Is it just me, or is Sqlite3 goofy?

Mike Owens mikeowens at gmail.com
Tue Sep 12 04:28:54 CEST 2006


On 11 Sep 2006 18:23:50 -0700, mensanator at aol.com <mensanator at aol.com> wrote:

> Can you run your car on diesel fuel?
>
> Why not?
>
> Because your car's specification says to use gasoline?
>
> If your car has been designed to run on diesel, you shouldn't
> be saying it has gasoline engine. Duh.

No but you can still call it a car with an engine, just as SQLite is a
SQL database, with an SQL engine.

> > Furthermore, I'm not responding to Python's representation of one
> > thing or another. I am responding to some of the ridiculous and unfair
> > criticisms directed at SQLite. Whatever Python did or didn't do, or
> > whatever PySQLite does or doesn't do, SQLite doesn't deserve to be
> > drug through the mud.
>
> Sure it does.

No it doesn't. If you don't like SQLite's design decisions, write your
own embedded relational database, and stop yapping about something you
didn't lift a finger to create, but are clearly trying to benefit
from.

> >From SQLite Homepage
>   documentation
>     Available Documentation
>       Distinctive Features
>
> In manifest typing, the datatype is a property of the
> value itself, not of the column in which the value is
> stored. SQLite thus allows the user to store any value
> of any datatype into any column regardless of the declared
> type of that column. (There are some exceptions to this
> rule: An INTEGER PRIMARY KEY column may only store
> integers. And SQLite attempts to coerce values into the
> declared datatype of the column when it can.)
>
> ***********************************************************
> * The SQL language specification calls for static typing. *
> ***********************************************************

It calls for other things that many databases don't implement or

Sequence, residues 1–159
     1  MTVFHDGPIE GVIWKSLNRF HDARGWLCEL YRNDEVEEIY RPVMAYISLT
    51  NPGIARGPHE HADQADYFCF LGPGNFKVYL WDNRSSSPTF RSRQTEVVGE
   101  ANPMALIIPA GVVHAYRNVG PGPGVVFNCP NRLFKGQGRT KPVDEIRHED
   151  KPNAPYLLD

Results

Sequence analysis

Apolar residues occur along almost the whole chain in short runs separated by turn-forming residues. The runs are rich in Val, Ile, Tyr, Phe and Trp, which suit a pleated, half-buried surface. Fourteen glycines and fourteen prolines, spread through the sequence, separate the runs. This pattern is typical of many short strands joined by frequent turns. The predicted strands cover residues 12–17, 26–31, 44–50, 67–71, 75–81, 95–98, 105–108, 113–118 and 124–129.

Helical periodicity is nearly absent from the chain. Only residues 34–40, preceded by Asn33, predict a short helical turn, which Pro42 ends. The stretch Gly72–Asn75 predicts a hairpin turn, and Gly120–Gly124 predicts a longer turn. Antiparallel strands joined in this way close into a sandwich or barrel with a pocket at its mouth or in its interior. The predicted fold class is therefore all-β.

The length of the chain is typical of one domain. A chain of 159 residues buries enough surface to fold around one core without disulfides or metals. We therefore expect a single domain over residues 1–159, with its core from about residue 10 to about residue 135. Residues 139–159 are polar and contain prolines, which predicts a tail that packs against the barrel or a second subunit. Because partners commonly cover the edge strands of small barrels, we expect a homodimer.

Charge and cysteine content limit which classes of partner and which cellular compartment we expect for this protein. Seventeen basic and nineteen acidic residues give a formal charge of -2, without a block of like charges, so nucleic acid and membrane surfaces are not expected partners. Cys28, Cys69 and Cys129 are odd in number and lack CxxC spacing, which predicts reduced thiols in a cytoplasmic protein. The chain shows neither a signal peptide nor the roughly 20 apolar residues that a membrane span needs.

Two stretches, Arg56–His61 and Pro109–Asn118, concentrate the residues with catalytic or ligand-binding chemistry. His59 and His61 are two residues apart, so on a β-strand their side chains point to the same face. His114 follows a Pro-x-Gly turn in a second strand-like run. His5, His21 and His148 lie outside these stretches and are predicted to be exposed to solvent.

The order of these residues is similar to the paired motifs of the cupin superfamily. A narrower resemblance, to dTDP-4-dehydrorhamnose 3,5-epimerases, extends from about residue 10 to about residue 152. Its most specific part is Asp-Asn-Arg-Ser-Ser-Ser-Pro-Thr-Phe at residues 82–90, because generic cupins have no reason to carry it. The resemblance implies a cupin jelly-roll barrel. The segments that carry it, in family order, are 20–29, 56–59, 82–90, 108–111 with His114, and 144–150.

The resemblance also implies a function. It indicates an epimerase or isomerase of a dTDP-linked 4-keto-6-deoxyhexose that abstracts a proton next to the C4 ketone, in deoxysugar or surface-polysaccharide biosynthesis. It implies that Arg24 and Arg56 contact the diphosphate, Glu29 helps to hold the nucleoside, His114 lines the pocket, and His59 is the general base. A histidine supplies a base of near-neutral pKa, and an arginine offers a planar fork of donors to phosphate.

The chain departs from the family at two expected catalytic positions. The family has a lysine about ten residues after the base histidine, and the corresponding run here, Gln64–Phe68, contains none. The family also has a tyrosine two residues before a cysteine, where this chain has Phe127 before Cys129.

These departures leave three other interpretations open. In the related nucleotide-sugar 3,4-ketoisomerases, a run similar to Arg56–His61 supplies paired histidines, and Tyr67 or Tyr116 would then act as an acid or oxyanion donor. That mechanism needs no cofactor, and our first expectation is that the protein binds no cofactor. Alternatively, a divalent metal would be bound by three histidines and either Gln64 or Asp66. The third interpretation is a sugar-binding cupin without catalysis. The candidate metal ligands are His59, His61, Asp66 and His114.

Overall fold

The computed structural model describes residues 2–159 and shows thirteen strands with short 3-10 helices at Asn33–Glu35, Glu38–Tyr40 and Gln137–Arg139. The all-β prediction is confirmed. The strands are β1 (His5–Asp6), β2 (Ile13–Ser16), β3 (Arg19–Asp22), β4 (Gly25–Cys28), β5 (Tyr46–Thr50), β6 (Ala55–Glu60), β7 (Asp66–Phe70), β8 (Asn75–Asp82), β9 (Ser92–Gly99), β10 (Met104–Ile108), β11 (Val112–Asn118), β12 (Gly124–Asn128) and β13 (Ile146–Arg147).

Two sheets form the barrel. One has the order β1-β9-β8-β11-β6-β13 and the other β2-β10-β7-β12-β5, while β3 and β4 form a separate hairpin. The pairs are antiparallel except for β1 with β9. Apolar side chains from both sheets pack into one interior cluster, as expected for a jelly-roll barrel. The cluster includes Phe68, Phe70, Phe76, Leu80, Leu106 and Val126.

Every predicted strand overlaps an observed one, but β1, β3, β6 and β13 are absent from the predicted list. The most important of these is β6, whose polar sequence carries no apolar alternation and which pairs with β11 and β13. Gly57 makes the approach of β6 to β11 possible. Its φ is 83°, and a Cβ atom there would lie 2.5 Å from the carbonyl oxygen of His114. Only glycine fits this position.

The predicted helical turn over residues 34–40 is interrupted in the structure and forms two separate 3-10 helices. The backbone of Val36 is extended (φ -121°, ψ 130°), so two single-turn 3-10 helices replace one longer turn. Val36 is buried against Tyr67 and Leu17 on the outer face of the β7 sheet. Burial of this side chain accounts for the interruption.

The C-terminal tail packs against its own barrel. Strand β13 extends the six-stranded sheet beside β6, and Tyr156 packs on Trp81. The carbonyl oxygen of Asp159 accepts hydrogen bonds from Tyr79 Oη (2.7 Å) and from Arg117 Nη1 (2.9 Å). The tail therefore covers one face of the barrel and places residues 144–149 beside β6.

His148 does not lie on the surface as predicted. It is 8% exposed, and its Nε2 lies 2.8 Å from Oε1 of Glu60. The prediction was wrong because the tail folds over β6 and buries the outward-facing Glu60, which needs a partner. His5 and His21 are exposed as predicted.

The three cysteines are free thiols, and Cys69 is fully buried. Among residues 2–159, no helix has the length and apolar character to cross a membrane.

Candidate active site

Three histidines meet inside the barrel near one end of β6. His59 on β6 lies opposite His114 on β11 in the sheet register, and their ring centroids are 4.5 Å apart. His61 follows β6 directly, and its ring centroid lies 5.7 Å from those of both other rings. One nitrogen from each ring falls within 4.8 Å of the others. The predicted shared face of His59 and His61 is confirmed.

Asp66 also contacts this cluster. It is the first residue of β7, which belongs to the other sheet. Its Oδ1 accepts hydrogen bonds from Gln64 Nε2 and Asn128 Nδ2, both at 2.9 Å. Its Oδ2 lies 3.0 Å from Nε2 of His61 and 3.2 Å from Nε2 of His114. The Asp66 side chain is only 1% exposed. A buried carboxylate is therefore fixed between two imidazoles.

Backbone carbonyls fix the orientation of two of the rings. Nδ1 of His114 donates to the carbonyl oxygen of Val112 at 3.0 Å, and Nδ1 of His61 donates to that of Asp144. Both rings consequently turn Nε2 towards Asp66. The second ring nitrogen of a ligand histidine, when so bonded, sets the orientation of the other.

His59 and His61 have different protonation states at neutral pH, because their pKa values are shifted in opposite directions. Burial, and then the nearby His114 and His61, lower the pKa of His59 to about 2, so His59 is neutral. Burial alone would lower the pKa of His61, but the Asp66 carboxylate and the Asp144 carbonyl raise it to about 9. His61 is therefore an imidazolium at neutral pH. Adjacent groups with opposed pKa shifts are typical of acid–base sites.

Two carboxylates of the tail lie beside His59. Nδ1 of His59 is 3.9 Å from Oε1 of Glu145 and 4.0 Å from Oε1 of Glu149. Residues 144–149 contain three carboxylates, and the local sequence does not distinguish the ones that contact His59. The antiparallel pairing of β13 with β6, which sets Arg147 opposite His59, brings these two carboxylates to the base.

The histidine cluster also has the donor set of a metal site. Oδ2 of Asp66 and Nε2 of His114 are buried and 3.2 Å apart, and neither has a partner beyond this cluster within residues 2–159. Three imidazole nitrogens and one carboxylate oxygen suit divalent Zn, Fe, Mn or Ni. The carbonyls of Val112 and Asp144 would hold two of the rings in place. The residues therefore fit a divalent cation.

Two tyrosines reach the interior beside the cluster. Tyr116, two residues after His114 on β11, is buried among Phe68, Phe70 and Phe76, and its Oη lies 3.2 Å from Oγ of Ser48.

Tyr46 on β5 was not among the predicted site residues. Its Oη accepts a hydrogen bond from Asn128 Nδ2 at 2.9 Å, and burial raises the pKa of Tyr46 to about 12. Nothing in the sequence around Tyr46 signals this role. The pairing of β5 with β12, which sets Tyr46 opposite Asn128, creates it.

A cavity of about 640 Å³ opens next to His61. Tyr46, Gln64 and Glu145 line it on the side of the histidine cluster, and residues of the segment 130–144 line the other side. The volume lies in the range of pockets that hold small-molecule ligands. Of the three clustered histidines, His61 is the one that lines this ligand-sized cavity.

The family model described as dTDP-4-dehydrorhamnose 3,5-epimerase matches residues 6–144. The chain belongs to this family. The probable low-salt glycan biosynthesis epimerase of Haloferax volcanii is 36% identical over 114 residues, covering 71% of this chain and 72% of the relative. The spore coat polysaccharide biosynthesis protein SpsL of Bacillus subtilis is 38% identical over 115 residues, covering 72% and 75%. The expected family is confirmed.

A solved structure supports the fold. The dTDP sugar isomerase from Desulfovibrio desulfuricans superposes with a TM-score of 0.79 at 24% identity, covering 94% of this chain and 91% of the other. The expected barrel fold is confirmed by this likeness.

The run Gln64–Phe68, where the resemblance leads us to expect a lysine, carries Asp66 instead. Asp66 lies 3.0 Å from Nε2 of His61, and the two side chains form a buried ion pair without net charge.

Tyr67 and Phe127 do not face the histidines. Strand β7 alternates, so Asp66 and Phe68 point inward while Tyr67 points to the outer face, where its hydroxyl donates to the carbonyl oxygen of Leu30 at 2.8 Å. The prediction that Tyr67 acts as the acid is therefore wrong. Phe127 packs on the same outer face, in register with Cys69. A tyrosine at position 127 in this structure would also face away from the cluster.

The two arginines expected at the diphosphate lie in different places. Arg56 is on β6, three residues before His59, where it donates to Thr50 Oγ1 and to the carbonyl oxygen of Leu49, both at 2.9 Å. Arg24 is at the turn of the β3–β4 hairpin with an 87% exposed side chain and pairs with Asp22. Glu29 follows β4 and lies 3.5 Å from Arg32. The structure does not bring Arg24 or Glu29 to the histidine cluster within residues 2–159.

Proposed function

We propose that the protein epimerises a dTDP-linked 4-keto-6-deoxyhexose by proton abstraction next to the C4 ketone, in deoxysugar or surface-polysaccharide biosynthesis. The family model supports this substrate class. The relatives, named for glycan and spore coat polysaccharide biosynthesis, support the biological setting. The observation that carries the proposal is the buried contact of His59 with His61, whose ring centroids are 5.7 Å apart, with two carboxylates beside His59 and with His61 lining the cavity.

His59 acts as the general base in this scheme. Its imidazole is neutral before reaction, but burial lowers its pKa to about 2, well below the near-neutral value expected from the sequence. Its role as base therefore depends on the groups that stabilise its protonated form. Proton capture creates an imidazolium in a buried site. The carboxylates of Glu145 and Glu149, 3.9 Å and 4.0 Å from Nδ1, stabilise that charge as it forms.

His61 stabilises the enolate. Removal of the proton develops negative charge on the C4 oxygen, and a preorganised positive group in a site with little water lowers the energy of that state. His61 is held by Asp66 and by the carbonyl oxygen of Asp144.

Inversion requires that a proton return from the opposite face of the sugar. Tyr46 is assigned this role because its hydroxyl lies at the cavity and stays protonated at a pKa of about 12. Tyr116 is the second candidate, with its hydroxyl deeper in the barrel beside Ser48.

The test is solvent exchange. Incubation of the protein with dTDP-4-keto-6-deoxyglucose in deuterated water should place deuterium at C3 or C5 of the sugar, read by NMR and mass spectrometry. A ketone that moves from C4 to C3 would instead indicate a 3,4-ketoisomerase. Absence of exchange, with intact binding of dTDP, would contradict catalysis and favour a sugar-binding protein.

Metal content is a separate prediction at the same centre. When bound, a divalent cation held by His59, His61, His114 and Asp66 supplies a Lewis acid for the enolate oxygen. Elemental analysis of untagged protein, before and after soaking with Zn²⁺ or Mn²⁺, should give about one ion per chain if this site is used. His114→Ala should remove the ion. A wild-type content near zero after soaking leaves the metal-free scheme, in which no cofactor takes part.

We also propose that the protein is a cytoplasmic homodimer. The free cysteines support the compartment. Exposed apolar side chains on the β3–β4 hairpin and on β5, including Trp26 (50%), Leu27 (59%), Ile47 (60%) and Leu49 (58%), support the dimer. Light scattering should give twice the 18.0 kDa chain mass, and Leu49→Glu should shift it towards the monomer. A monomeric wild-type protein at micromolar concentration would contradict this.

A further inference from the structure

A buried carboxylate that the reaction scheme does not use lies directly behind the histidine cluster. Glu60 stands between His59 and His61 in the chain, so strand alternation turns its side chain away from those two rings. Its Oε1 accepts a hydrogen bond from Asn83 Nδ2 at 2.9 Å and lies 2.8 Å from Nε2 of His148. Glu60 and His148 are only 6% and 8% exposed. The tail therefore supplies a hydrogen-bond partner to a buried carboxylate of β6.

altogether violate as well, so what? Show me how both MS SQL's T-SQL
and Oracle's PL/SQL procedure languages are so standards compliant
that you can use the same procedure code in both databases. You can't
-- precisely because they ignore or outright violate parts of the
standard as well. What's your position on that? Do some Googling and
you can easily find 18 ways that Oracle's PL/SQL deviates from the
standard. And T-SQL is plainly nowhere close.

> A spcification cannot be a bug (unless it is inconsistent
> with other specifications). An implementation can be,
> but a specification cannot.

Then every database implementation, when held up to the SQL standard,
is equally guilty of being buggy and/or incomplete. Name one database
that fully conforms to SQL 2003. Can't name one? Then why single out
SQLite?

> > Then what does calling it crappy and goofy suggest?
>
> It suggests that the SQLite author is a crackpot.

Crackpot? And now we get to why I took the flamebait -- wonderfully
constructive comments such as this.

I know SQLite's author. Besides being a nice and clearly very
intelligent person, he also holds a master's degree in electrical
engineering from Georgia Tech and a PhD in computer science from Duke
University. His "crackpot" software is used by Sun, Apple, Symbian,
Google, AOL, Philips, DLink, and I don't know how many other
companies, not to mention countless open source projects such as
Mozilla, PHP, and now Python. But I guess they must all be crackpots
too.

It's clear. You're just way too smart for SQLite.



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